Background Sensorimotor exercises (SE) are evident to enhance neuromuscular activity of the trunk muscles (TM). However, it is unclear if an additional unexpected perturbation leads to higher muscular activity and therefore enhances training efficacy.
Objective To analyse effects of additional unexpected perturbations on trunk neuromuscular activation pattern during SE.
Design Cross-sectional design.
Setting University Outpatient Clinic, Sports Medicine Centre.
Participants Ten healthy, normal active participants (5 m/5 f; 29±2 yrs; 177±7 cm, 74±12 kg) were included.
Assessment of Risk Factors All participants were prepared with a bilateral 12-lead trunk EMG (Mm. rectus abdominis (RA), external obliquus (EO), internal obliquus (IO), latissimus dorsi (LD), thoracic (UES) and lumbar erector spinae (LES)). Warm-up on an isokinetic dynamometer (extension/flexion; 30 rep; 60°sec) was followed by maximum voluntary isometric contraction measurements (MVC, 5 sec). Next, a (right-armed) side plank on stable surface (SP; 30 sec) and 2 different instable conditions were randomly assigned (SP plus pad under the elbow (SPP), SPP plus perturbation (SPP+P)).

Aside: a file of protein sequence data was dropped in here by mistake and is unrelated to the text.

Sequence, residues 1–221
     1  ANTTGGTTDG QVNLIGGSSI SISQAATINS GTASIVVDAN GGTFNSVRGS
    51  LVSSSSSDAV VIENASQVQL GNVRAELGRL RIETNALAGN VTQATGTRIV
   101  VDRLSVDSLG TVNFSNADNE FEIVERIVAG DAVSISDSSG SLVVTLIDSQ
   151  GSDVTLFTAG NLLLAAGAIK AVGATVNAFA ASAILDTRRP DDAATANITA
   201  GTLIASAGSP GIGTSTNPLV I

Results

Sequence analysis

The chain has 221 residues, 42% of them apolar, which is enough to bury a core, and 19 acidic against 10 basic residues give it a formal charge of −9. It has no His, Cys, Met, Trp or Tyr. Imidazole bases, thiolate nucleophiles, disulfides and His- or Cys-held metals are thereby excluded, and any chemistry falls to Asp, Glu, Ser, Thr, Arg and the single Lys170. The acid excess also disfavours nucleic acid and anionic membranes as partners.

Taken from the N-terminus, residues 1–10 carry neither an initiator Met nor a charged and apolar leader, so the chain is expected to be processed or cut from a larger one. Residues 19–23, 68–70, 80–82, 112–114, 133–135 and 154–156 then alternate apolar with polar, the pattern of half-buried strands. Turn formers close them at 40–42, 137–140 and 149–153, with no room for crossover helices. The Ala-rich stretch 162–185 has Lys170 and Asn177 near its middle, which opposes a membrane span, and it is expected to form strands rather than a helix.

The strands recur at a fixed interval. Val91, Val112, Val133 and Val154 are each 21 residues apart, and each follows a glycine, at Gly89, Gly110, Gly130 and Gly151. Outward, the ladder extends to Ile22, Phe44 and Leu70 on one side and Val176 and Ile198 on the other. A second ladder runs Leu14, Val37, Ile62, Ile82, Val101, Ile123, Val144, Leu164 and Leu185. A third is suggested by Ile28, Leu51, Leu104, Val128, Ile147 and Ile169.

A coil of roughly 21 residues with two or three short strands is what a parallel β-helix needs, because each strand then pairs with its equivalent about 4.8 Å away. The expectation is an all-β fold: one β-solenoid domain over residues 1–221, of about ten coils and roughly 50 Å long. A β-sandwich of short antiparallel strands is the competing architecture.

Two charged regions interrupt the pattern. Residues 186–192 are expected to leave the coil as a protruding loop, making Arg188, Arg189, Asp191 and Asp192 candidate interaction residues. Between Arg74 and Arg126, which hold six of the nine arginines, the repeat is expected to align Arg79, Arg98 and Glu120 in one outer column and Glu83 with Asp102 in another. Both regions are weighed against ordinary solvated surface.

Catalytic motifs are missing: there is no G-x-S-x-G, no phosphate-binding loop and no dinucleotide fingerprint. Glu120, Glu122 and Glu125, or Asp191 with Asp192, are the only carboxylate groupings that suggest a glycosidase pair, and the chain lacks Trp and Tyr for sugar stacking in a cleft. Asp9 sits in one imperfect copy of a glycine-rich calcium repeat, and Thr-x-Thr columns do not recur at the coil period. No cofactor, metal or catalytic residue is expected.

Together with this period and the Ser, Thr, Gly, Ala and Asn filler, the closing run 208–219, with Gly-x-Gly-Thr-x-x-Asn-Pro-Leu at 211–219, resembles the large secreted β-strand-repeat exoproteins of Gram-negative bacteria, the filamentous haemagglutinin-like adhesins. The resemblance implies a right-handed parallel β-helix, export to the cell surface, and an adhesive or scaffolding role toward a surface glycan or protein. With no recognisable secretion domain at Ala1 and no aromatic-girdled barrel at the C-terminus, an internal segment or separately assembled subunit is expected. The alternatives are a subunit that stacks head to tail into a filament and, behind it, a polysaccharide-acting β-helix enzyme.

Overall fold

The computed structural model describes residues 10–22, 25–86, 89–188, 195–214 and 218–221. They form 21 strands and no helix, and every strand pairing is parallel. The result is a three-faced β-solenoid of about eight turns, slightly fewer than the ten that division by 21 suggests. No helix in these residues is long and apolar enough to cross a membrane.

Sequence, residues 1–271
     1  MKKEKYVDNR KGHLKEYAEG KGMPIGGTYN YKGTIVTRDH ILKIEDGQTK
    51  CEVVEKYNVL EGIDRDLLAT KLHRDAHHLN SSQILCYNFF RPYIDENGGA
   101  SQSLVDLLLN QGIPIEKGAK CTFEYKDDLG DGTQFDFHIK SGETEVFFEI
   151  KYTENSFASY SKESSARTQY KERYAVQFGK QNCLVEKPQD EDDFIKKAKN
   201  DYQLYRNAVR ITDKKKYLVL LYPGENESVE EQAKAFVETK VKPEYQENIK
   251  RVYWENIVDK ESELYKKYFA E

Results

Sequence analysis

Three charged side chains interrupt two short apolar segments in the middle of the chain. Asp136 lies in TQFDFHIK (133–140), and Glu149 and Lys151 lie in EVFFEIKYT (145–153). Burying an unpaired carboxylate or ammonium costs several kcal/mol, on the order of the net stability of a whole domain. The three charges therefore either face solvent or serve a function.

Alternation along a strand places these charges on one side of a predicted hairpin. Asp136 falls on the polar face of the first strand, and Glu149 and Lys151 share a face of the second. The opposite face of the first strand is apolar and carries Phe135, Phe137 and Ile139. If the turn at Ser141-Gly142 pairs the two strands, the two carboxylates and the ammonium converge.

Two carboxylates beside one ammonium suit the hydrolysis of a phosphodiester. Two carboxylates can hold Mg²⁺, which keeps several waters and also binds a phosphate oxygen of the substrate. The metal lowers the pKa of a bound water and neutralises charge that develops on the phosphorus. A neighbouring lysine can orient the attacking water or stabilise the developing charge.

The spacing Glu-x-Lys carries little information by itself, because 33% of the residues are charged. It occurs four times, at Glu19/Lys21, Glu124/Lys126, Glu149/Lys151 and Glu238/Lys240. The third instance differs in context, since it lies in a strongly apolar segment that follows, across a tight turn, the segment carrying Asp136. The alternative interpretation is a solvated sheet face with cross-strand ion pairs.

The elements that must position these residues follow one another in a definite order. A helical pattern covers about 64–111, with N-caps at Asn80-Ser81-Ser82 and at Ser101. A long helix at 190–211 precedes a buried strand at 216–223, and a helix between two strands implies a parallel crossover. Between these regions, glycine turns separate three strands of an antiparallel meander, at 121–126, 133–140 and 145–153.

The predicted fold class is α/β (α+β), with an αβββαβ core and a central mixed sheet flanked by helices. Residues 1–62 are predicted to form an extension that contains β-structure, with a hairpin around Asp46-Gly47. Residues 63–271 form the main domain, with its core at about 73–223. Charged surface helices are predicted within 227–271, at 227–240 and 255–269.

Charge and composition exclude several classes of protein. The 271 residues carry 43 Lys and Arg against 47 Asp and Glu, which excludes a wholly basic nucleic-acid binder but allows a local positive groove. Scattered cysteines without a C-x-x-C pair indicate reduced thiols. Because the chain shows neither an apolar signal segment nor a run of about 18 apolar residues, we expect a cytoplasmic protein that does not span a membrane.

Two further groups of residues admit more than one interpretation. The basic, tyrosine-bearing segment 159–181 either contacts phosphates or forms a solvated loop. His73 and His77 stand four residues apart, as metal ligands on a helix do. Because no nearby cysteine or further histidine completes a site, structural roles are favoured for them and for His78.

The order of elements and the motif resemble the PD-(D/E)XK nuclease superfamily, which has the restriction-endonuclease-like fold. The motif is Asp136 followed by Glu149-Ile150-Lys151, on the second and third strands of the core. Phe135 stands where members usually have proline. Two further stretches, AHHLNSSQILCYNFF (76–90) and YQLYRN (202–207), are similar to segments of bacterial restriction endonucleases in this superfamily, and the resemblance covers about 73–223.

Main Outcome Measurements Root mean square (RMS) normalized to MVC (%MVC) was calculated during the whole exercise. Muscles were grouped to ventral right/left (VR;VL=mean of RA, IO, EO), and dorsal right/left (DR;DL=mean of LD, UES, LES). Differences between conditions were calculated for muscle groups, Ventral:Dorsal (V:D) and Side-Right/Side-Left ratio (SR;SL) (repeated-measures ANOVA; α=0.05).
Results SPP+P showed highest EMG-RMS (e.g,VR: 81±9%; DR: 55±12%) for all muscle groups except DL with significant differences (p<0.05) between conditions SP and SPP+P in VR, VL and DR muscle groups. No differences were found between SPP (e.g.,VR: 71±11%) and SPP+P (e.g.,VR: 81±9%)(p>0.05). Statistically significant higher V:D ratios was found in SPP+P compared to SP (p<0.05). SR:SL ratio did not show any differences (p>0.05).
Conclusions The use of additional perturbations during core stability training is superior to enhance trunk neuromuscular activity and should be implemented into sensorimotor exercises addressing the trunk.